Another interesting currency plan could be to go long the PowerShares DB US Dollar Index Bullish Fund (UUP | B-73). UUP is a bullish bet on the dollar, but one that is built around an inverse exposure. The fund is linked to an index of dollar futures that rises in value as the dollar appreciates relative to a basket of world currencies.
UUP essentially is long the U.S. dollar and short the euro, the Japanese yen, the British pound, the Canadian dollar, the Swedish krona and the Swiss franc. Weakness in any of these currencies relative to the dollar is a boon to UUP.
Consider the performance of FXB and UUP in the last month:
Playing The Inverse Angle
Another way for bearish investors to play Brexit through the currency view is to look into inverse ETFs tapping into the euro. No shorting an ETF is necessary, because these funds are inverse plays. For example, the Market Vectors Double Short Euro ETN (DRR) provides two times the inverse exposure to the euro relative to the U.S. dollar. In theory, for every 1% down move in the euro relative to the dollar, DRR ideally should move up 2%, according to FactSet data.
As is the case with any leveraged strategy, daily rebalancing makes long-term returns difficult to predict, but if you are bearish the euro, this inverse play on the euro may be your cup of tea.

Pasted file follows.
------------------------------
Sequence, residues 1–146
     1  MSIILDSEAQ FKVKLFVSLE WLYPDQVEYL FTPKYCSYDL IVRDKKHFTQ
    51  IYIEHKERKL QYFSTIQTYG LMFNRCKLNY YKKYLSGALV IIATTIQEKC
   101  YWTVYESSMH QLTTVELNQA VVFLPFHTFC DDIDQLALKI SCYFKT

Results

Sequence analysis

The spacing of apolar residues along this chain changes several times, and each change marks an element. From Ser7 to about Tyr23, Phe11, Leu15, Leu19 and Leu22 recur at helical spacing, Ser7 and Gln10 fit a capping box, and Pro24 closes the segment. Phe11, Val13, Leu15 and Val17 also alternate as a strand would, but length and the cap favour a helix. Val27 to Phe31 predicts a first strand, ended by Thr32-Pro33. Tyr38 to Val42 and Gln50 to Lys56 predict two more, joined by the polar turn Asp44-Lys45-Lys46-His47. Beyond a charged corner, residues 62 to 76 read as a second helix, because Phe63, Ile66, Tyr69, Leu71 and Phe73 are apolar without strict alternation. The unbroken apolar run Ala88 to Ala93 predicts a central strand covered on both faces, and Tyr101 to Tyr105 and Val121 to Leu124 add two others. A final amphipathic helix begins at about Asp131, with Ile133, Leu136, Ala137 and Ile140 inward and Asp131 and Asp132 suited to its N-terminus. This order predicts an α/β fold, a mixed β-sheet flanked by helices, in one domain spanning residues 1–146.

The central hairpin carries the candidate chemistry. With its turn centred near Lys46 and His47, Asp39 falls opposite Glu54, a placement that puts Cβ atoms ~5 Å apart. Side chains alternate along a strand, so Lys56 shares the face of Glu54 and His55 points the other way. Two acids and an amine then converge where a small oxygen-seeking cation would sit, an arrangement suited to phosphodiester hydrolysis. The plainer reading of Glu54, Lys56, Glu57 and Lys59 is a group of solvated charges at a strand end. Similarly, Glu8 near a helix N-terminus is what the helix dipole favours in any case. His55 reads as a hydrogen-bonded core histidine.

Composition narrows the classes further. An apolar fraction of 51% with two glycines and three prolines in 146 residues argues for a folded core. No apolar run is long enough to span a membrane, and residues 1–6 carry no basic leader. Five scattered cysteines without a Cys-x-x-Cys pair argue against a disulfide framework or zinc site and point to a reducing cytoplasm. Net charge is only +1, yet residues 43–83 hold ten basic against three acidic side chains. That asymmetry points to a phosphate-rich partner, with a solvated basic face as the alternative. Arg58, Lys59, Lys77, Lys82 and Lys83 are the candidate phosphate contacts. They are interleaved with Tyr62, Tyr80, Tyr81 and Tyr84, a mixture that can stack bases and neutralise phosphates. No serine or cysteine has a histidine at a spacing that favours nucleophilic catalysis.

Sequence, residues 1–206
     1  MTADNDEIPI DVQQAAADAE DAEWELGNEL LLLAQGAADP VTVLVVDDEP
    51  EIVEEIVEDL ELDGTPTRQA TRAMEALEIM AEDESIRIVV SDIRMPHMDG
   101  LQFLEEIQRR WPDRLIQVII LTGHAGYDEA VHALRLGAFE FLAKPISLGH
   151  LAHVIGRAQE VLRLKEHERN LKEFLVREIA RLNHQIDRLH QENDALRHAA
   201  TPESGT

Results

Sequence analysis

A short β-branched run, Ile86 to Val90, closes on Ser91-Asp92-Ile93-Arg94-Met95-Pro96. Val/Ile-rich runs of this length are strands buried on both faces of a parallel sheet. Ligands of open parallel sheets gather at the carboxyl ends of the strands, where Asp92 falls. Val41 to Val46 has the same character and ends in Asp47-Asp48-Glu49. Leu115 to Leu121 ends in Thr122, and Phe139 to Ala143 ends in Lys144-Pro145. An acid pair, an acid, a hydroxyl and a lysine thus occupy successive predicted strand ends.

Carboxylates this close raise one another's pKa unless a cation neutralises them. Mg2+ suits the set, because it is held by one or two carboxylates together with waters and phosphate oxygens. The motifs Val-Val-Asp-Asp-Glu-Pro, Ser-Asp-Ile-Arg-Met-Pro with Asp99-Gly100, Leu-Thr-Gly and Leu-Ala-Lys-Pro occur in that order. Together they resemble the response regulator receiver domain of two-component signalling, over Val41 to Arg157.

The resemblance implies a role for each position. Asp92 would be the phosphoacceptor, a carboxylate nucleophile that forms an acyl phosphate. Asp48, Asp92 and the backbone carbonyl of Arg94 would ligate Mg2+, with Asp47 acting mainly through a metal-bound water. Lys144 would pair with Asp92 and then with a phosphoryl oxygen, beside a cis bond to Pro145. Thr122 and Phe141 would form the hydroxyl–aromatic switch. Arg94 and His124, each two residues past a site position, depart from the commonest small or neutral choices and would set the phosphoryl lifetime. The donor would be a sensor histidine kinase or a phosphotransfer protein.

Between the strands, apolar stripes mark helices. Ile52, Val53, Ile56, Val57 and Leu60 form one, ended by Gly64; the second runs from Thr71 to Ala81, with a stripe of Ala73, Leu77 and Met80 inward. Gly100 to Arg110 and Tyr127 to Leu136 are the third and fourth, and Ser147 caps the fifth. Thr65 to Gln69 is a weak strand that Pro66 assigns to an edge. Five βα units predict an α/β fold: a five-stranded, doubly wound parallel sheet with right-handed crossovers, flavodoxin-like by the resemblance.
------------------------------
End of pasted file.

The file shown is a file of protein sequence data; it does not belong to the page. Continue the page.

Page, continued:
A similar strategy—and 10 times as big, with $367 million in assets—is the ProShares UltraShort Euro (EUO). The fund also offers 2 times the inverse exposure to the dollar/euro cross.
In the past month, both DRR and EUO have seen gains:
Shorting European Equity
In the equity space, investors could easily short Europe-related equity ETFs depending on their view.
The iShares MSCI United Kingdom ETF (EWU | B-90) is the biggest pure-play exposure to U.K. equities in the market today, with $2.1 billion in assets. The fund covers the top 85% of British companies by market cap, and holds financials as its biggest sector allocation, at about 21% of the portfolio.
The financial sector could be in a prime spot to first feel the impact of any loss of EU subsidies or access to credit associated with Brexit.
If that’s the case, other financial-sector-focused ETFs could find short-selling demand as well. For example, the iShares MSCI Europe Financials ETF (EUFN | B-89) invests in financial stocks across developed Europe. Here, the U.K. is the fund’s largest country allocation, at more than 30% of the overall portfolio, and banking services represent over 50% of the mix.
The broader-in-scope SPDR S&P International Financial Sector ETF (IPF | D-90) owns financial companies outside the U.S., including Japan and Australia. The U.K. is the portfolio’s second-largest country allocation, at about 14%.
These ETFs have all faced losses in recent weeks, as the one-month chart below shows:
Charts courtesy of StockCharts.com
Be it through currency, inverse or equity ETFs, these are just some examples of the Europe-related ETFs that investors could short-sell if Brexit has them looking for lower prices or risk-hedging opportunities. For a comprehensive list of ETFs tapping into this universe, check out our ETF screener and database.
Contact Cinthia Murphy at email@example.com.